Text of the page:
She had already been convicted in the past with similar charges, and had reported facing abuse at the hands of police while in detention. Now, she is being held in a solitary cell designed for trans detainees in a men’s prison. 

“Mutairi’s story is one of many horrific accounts by transgender Kuwaitis whose only crime is expressing themselves publicly,” said Rasha Younes, LGBT rights researcher at Human Rights Watch.

According to ILGA World's Trans Legal Mapping Report, Article 198 of the Kuwaiti Penal Code criminalises trans individuals and people with diverse gender identities and expressions. Since the law was amended in 2007, many trans women have reported multiple forms of abuse at the hands of police.

More news from Asia

APCOM and fellow organisers have published the first list of honourees for HERO Awards 2021, an annual event that acknowledges outstanding HIV and LGBTI advocates and allies from across Asia and the Pacific.




Covid-19 has further exposed African LGBTI communities to significant risk, Pan Africa ILGA’s report finds

Pan Africa ILGA released Voices of Resilience in Uncertainty, a report casting a light on the impact that Covid-19 has had on the LGBTI community and organising in Eastern and Southern Africa.

Published this month, the study is grounded on research completed in April 2021 which involved 76 respondents from 50 member organisations in 12 countries. The report notes that LGBTI communities are experiencing the worst economic impacts of Covid-19 lockdown, including loss of income and lack of support for themselves and their household members.

“When the Covid-19 cases started to increase in many African countries rapidly, the LGBTIQ+ community - which was already experiencing stigma and discrimination - was further exposed to significant risk” as a consequence of the mitigating measures deployed by States to combat the spread of the virus, Pan Africa ILGA Executive Director Nate Brown wrote in the report’s foreword.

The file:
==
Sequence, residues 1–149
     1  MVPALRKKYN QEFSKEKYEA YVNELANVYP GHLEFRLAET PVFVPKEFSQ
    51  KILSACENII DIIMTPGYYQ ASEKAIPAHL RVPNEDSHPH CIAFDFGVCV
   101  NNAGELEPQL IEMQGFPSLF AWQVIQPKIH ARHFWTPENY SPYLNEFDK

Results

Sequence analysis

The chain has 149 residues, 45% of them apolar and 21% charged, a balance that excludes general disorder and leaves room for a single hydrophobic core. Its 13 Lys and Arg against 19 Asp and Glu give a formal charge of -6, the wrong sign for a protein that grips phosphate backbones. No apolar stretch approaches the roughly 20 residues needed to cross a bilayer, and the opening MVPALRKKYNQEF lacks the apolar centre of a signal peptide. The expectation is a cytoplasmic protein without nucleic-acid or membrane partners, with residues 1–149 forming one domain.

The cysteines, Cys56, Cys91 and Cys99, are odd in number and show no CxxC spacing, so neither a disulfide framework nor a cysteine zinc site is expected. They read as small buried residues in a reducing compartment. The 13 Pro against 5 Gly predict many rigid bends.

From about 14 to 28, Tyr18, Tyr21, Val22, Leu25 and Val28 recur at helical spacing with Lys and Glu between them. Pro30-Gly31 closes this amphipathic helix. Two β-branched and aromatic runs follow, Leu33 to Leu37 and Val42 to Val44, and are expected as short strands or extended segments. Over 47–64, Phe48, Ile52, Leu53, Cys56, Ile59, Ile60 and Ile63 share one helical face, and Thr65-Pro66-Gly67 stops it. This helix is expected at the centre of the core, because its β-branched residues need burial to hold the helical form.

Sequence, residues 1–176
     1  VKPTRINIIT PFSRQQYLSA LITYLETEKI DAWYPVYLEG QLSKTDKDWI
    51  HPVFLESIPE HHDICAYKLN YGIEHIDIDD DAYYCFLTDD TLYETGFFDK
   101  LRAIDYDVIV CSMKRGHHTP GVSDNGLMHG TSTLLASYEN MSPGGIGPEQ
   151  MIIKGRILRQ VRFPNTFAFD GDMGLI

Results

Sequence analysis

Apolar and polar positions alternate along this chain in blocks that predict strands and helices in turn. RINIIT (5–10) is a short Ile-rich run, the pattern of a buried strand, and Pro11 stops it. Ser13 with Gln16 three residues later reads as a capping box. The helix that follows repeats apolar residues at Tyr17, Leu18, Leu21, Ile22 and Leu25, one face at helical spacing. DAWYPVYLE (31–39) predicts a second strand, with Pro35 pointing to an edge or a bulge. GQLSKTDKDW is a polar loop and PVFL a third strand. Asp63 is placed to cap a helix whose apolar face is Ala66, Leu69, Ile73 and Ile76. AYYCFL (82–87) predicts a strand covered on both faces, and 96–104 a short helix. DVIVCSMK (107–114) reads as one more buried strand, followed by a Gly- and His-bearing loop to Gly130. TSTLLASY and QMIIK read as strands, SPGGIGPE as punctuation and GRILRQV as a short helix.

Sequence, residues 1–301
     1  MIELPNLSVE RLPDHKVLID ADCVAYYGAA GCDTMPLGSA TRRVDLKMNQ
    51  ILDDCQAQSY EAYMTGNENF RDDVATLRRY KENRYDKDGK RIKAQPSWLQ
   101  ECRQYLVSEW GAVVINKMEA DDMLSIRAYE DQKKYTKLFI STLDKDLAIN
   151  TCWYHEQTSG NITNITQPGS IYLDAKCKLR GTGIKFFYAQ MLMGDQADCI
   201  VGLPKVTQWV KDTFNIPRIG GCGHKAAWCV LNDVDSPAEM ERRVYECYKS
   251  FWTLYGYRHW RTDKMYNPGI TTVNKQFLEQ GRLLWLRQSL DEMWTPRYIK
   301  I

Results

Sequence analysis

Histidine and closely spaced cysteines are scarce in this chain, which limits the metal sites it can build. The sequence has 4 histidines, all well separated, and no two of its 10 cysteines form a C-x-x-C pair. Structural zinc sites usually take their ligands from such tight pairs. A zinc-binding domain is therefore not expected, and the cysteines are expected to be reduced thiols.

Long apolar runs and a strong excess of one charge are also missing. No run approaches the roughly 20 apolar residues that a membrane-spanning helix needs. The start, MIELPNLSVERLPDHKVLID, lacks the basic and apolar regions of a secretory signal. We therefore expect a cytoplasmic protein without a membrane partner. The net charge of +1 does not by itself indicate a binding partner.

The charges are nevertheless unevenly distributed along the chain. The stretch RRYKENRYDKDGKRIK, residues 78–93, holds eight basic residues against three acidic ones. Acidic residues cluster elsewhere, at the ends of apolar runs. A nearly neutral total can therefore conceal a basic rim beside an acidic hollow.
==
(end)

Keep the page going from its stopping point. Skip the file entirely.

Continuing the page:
Our communities, for example, reported being discriminated against in accessing relief packages provided by government agencies, or no longer being able to access friendly primary health care service providers as a consequence of restrictions on movement.

“In addition to the evident negative economic and material impact of Covid-19,” he added, “the lockdowns also allowed governments across the world to increase repression against already vulnerable groups.”

More news from Africa

According to reports, a group of men were detained by police after escaping a mob homophobic attack in Chogu, Ghana.

The documentary I am Samuel - the story of a gay Kenyan gay man from a rural area, navigating his queerness in relation to his family, tradition, and finding love - premiered across Africa, sparking conversations across the continent.



North America and the Caribbean

United States: Texas passes bill limiting student athletes to teams that match their gender assigned at birth